The Mill London
Thu, 07 Jan 2016 16:30:29 GMT
So, 2015 was the year in which virtual reality finally and flamboyantly shook off the shackles of its first name to become an undeniable actuality. As technology and investment finally caught up with the dream and ambition for creating truly immersive content and experiences, here at MPC seemingly every other conversation we have, and treatment we see, has been at least tickled by the VR brush. And as we stand on the edges of full mainstream commercial availability for headsets and experiences via tailored content, 2016 will surely be the year when we learn just how far this brave new horizon for communication and storytelling will stretch.
The potential is both exciting, and confusing at the same time. Will VR and immersion (whether augmented, virtual or mixed) end up remaining an exciting niche experience and form of content delivery, or the very future of entertainment? Will it be a tool used primarily for gaming, education, healthcare, or social interaction, or become a truly transformational pathway to new modes of human interaction and engagement with stories? Will viewers reject the undoubted barriers to entry via wearable tech, or will the technological advances we have seen emerge to take VR into the mainstream carry on at such a pace as to make immersion wholly natural and non-obtrusive?
Time will tell. If the six hours straight of VR demonstrations that MPC provided at our recent party to mark the expansion of our Amsterdam studio is anything to go by, the excitement is palpable and real. What is clear is that the creative possibilities appear to be extremely open-ended, and thus exciting for those willing to explore new ways of delivering information, content, and entertainment experiences. There are still several technical and process-driven hurdles to straddle. The ability to create photoreal environments in real-time, with associated developments in game engines and graphics cards is crucial, as is the power to film at higher frame rates, store and render information more efficiently, and to transfer more data at lower bit rates. Also crucial will be advances in production and VFX techniques, and of course the adoption and availability of headsets on the mainstream market. AR, and the likes of MagicLeap and HoloLens, are perhaps of even greater importance for the future of mixed reality. And the big issue for VR movies, or experiences, is solving positional tracking and really breaking down the current barriers to true movement and physical decision-making and exploration in a virtual space.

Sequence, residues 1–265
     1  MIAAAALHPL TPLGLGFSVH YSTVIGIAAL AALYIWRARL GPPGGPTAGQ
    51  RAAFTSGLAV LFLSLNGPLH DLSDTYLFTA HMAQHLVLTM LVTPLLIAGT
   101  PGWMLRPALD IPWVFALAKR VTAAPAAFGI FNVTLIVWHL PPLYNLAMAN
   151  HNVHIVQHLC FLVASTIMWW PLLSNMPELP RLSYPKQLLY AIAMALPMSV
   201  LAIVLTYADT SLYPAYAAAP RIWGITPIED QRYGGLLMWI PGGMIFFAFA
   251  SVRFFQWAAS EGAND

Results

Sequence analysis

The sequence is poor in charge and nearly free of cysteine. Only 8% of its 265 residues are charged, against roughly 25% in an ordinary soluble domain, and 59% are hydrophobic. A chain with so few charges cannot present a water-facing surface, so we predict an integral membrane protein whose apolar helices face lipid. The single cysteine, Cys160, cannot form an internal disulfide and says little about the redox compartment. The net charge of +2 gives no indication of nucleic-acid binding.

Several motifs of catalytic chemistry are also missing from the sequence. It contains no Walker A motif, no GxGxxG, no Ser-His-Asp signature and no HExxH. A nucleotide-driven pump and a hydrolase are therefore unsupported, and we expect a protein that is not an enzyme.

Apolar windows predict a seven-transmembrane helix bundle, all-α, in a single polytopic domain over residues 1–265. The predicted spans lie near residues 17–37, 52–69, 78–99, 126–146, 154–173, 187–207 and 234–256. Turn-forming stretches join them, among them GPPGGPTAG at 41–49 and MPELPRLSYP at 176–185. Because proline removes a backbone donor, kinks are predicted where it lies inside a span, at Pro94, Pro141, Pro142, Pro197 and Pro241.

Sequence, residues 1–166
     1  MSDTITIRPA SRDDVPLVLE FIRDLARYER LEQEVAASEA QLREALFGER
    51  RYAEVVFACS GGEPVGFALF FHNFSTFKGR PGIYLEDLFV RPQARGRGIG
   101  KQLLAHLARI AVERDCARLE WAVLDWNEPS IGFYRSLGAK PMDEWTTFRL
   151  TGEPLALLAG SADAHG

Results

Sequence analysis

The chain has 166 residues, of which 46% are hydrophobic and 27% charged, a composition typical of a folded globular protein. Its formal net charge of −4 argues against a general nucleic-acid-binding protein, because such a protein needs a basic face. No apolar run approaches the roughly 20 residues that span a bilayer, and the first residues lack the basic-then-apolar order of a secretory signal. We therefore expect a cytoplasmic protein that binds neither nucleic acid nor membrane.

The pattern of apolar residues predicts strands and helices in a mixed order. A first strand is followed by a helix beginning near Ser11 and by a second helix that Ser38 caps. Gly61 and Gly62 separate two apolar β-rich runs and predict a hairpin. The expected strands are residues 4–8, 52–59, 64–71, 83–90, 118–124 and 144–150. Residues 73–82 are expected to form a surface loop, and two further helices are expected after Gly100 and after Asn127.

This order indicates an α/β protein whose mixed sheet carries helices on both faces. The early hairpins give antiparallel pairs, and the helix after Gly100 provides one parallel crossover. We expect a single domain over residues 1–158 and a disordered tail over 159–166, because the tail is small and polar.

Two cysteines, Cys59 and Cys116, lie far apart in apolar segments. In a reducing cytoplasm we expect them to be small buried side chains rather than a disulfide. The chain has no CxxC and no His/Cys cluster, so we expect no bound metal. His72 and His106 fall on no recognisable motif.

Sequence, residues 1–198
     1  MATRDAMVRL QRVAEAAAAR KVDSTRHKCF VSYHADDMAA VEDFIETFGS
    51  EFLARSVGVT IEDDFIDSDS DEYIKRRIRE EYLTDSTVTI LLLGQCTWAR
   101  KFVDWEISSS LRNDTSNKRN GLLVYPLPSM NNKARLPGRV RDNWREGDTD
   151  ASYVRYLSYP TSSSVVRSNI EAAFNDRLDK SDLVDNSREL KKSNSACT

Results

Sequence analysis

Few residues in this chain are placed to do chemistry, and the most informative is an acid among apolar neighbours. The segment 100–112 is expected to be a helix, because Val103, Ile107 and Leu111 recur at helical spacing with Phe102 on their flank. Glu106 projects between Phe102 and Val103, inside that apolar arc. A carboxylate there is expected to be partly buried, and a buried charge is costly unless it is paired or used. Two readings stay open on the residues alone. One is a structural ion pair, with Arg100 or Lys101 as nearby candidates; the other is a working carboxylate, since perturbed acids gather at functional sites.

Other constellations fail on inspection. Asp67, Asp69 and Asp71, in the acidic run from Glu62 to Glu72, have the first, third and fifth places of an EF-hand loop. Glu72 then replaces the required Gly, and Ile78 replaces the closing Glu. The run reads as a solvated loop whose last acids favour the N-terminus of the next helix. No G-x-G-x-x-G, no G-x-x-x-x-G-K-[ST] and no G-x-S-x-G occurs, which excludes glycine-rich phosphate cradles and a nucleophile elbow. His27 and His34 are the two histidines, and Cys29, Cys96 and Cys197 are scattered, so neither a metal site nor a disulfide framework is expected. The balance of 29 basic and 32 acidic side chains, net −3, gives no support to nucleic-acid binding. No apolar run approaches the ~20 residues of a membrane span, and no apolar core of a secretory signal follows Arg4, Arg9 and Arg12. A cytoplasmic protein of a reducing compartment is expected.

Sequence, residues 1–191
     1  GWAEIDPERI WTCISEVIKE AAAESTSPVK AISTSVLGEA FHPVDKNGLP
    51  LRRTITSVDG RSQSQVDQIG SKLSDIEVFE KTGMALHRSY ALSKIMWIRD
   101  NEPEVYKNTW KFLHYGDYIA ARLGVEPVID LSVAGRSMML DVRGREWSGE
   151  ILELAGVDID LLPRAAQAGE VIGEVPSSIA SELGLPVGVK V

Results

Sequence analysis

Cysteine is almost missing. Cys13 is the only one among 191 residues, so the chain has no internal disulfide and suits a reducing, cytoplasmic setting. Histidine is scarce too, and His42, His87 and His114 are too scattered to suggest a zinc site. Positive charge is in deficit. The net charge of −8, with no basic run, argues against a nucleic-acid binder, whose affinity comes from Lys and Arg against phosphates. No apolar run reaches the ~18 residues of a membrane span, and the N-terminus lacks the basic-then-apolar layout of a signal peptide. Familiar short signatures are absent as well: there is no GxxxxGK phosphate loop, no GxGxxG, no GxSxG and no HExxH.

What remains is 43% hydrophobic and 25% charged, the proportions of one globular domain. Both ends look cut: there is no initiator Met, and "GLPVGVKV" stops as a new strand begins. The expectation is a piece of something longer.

Relatively speaking, VR is still in its infancy. It is important not to get carried away by the tech and creative bubble that we in advertising often exist. We are fortunate to be exposed to the latest hardware and the latest creativity. But things are certainly accelerating and evolving. For VFX, with its established tools, workflows and markets, there are challenges also, in facilitating and empowering the content creators, pushing the technology as hard as possible, and establishing viable products and outputs.
But perhaps most crucial is the willingness of storytellers to adopt and push forward the boundaries of what’s possible by striving to create truly immersive experiences. Not recreate 2D stories for a 3D space, but really put viewers at the heart of their own narrative, and introduce real-time and realistic interactions in the VR space. Binaural audio. The ability to interact with solid objects in real time VR. Immersive sensory experiences where object feel different to their appearance. Haptic feedback to allow for touch and sensation. All these and more will push at the boundaries of creativity in this space, while 360 video on YouTube and more lower-level entry points such as Google Cardboard will open doors of exposure to the form.
99.9% of people you show a good VR film to will be blown away and think that they have seen the future of film-viewing. Quite how it manifests and embeds beyond the initial novelty remains to be seen. At MPC, both in motion picture and advertising, we’re hugely excited to help shape and explore the landscape of what this future looks like, all 360 degrees of it.
After all, if you are going to take the plunge into the murky waters, you are already committing yourself to a full immersive experience, so best to dive in headfirst.view more - Trends and Insight
Genres: Visual VFXThe Mill London, Thu, 07 Jan 2016 16:30:29 GMT